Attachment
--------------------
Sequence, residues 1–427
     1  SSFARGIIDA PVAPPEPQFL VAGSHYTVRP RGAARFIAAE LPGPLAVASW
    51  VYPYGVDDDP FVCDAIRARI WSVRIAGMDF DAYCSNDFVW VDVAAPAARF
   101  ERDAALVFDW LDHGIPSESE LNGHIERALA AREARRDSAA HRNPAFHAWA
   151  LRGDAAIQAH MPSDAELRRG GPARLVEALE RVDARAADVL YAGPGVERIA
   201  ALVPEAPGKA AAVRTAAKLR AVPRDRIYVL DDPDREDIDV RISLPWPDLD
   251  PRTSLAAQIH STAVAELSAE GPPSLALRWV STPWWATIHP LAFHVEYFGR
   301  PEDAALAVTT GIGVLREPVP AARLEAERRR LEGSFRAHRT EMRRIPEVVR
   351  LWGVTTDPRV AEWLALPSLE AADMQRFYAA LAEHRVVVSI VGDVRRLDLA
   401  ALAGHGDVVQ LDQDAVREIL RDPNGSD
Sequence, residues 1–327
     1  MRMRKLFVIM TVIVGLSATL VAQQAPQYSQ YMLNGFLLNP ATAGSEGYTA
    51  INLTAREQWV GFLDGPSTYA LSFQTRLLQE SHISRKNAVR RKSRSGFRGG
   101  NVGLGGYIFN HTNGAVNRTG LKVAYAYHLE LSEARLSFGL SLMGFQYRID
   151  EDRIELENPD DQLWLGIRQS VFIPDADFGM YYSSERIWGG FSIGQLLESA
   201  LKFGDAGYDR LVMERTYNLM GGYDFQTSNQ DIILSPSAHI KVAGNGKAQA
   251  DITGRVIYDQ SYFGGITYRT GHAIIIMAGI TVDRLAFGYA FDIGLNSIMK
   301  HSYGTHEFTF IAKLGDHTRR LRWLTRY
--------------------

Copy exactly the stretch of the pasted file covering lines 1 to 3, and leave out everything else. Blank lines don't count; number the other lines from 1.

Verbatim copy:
Sequence, residues 1–427
     1  SSFARGIIDA PVAPPEPQFL VAGSHYTVRP RGAARFIAAE LPGPLAVASW
    51  VYPYGVDDDP FVCDAIRARI WSVRIAGMDF DAYCSNDFVW VDVAAPAARF